Updated: Jan 24, 2019
Charging more for audio as a freelancer. An intimidating move at first, but one that may spark your interest. As a freelance Composer, Sound Designer, or any contractor really, you can be charging more for the work you do.
These are some of the most important things to consider when taking the leap of increasing your rates as a freelancer, and you don’t have to be into audio for these to apply to you!
Understanding how much value you bring to the table can be hard to pinpoint if you’re looking to increase your rates for the first time.
If you’re simply looking where to start, understand supply and demand and where you fit in among your competitors. Are you somewhere in the middle? At the top or bottom?
Reach out to others with similar or better talent in your field and ask for some advice on how to price your work.
An easy way to determine where to go from there is to simply double your rates.
I know, insanity. But try it. You’d be surprised how effective it is if you’re confident.
To get more out of your contracts, you might find better results by changing the way your client sees their expenses.
Not every client should be priced the same either.
Different budgets lead to different pricing and should be charged by the value, not by the time it takes.
Depending on how valuable an asset is to a company, the price you assign to it should reflect that. Ask yourself “How much is it worth to them, how much will they make from this?” and think of an indie studio vs a major AAA developer.
Simply put, the more money they will make from your work, the more money you should too.
The first major change you can make is pricing by the project, not by the hour. This shifts the focus off of a “how much can I get out of this contractor every hour” mentality your clients may have and on to a model that highlights the worth of the entire project.
Besides, why get penalized because you work efficiently? Why get paid less because you can work and provide results faster?
Sure, you might be able to whip up a deliverable in under an hour, but it’s the amount of experience behind you that got you to a position to do so.
That’s just it, your clients can often think of hourly rates as a way to gauge performance. Completely blind to your creative approach, experience, and unique perspective that defines your style.
The second major change you can make is to not break down how much each part of the project is going to cost them in a huge list. It’s also good to avoid presenting to your client a checklist of individual tasks or features you will complete.
Instead, group together everything into stages if you have to or even as the project as a whole.
The whole of the work you will do for a client will be more valuable than the sum of each deliverable (SFX, Soundtrack, etc.).
It’s perfectly fine to keep track of how many things you're doing for them and how many hours you invest into a specific project.
In fact, it should be done so you can have a better understanding of what to improve and where to make changes.
Providing more value can come down to going above and beyond with what you currently do, offering more services, and adding to the overall experience. There are plenty of things you can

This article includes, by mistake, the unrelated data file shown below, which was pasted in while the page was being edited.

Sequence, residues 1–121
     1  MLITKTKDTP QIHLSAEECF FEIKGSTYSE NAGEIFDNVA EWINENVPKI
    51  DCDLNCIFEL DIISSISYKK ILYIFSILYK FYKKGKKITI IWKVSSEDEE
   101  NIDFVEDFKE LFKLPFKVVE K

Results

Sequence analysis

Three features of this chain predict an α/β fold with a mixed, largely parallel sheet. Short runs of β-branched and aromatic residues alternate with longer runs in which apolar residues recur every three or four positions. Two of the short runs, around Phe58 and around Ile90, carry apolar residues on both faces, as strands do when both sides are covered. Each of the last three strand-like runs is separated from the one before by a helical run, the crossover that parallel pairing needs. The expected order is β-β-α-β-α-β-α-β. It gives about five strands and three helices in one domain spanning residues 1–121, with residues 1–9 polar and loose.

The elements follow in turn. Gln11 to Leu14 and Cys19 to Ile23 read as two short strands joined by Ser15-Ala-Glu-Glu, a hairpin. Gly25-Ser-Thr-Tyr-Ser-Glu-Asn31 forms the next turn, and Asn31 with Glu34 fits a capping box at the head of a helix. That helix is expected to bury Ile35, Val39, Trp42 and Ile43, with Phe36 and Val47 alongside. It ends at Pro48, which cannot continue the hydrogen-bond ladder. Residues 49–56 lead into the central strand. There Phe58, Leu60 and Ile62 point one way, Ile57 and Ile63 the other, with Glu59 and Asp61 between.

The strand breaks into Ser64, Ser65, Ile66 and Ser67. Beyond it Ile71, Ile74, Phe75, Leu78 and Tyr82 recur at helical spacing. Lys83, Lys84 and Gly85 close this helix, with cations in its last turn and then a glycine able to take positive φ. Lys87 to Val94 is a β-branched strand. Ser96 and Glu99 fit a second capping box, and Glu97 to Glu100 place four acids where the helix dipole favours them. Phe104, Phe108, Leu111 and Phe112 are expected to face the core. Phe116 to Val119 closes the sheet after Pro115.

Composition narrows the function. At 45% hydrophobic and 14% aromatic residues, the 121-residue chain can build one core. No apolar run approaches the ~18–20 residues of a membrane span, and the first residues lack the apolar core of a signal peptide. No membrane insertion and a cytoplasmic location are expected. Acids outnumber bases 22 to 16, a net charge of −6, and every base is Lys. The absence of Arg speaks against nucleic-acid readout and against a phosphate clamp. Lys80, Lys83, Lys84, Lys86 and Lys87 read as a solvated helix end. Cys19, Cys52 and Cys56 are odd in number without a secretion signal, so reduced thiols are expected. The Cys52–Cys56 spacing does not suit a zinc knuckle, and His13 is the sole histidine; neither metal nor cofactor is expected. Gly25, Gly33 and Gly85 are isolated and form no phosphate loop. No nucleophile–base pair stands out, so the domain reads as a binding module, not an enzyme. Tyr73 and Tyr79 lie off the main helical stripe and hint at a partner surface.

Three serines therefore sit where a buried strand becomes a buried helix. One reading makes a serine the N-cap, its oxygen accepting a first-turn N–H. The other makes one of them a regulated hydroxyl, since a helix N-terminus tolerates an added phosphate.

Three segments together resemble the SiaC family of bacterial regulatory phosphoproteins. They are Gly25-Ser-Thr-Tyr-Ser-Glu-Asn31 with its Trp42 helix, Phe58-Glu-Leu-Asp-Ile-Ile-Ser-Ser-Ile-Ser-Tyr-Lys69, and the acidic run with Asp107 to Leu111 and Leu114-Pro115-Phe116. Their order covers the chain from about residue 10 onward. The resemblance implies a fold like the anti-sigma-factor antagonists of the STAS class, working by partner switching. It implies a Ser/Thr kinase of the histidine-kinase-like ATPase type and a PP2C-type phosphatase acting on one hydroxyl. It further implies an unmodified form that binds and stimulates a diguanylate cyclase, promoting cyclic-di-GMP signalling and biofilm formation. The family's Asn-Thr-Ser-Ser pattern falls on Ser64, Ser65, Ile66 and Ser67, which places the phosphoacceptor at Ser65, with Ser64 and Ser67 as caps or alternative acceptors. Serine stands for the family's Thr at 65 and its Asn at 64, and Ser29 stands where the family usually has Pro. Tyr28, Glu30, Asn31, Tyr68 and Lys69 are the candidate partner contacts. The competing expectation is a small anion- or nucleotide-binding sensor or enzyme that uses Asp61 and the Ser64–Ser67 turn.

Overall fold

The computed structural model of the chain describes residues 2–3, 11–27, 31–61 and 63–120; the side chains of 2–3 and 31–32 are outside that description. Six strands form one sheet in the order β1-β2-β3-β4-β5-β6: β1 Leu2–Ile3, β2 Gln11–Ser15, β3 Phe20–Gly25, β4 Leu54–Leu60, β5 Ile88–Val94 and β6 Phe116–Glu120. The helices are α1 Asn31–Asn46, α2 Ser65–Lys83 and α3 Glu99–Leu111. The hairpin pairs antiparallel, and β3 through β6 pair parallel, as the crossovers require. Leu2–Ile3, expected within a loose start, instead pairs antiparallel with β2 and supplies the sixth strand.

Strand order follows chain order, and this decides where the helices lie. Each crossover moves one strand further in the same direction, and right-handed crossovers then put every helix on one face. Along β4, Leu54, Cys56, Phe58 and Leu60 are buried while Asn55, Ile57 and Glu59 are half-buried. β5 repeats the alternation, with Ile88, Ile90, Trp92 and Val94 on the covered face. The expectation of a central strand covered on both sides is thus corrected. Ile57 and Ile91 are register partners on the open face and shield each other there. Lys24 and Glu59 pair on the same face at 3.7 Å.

Stepping up your customer service game can really leave a positive impact on your clients. This all starts the moment you come into contact with a potential client and can really set you apart from your competition.
Bringing more to a project than you typically would, gives you leverage in charging more, even if you’re not the one doing the work. You can either develop new skills or, if the budget allows for it, outsource the work.
Now, you’ll want to highlight your value. What are some of the key benefits of working with you?
Do you live in the same time-zone - How fast can you respond to a client?
If you’re not in the same time zone, you can always offer to switch your schedule around to match theirs. Or, make a point somewhere along the lines of “I’ll get all of the work done while you sleep so when you wake up you’ll have what you need”.
If you live relatively close by, you can even offer face-to-face meetings or availability to work on-site for parts (or all) of the project.
Not every client is going to be on board with your new prices. But, the ones that stick around are golden. A big change often seen is that the more clients are willing to pay, the less demanding they are.
Learn to say no sometimes, having fewer clients to work with isn’t always a bad thing.
By filtering out those who can’t afford your new rates, you can have more time to focus on higher paying clients (providing more value), marketing & networking (attracting new clients), and more freedom with time and money (less stress).
A huge factor in making more money as a freelancer in the film or gaming industry is repeat clients. Your goal should be to build long-term client relationships as acquiring new customers can be significantly more expensive than getting work from repeat clients.
Just know when to move on (gracefully) from a long-standing client. Sometimes you might need to raise your rates and even negotiating a discount isn’t an option. Or, you might have better opportunities come by.
They key is to be respectful in ending a client relationship, even if you think you’ll never do business with them again. It’s not just recurring work you should be concerned about but also referrals and reputation.
At the end of the day, you need to take an honest look at your value and be careful not to over or under-appreciate your worth. It’s very important to be confident too.
When a client needs work done, they ideally want the least risky option. Confidence gives them some assurance.
You might be interested in learning how to sell video game soundtracks if you liked this post.
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